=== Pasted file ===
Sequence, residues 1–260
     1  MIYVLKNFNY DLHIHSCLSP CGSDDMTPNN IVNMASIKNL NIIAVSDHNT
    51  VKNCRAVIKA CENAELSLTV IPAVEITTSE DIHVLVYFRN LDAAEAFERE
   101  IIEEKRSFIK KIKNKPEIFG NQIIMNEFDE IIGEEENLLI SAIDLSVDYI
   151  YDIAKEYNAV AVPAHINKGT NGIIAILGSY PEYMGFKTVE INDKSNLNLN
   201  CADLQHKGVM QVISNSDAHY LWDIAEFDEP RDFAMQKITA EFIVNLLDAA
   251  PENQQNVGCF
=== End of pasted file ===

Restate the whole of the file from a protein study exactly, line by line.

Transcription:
Sequence, residues 1–260
     1  MIYVLKNFNY DLHIHSCLSP CGSDDMTPNN IVNMASIKNL NIIAVSDHNT
    51  VKNCRAVIKA CENAELSLTV IPAVEITTSE DIHVLVYFRN LDAAEAFERE
   101  IIEEKRSFIK KIKNKPEIFG NQIIMNEFDE IIGEEENLLI SAIDLSVDYI
   151  YDIAKEYNAV AVPAHINKGT NGIIAILGSY PEYMGFKTVE INDKSNLNLN
   201  CADLQHKGVM QVISNSDAHY LWDIAEFDEP RDFAMQKITA EFIVNLLDAA
   251  PENQQNVGCF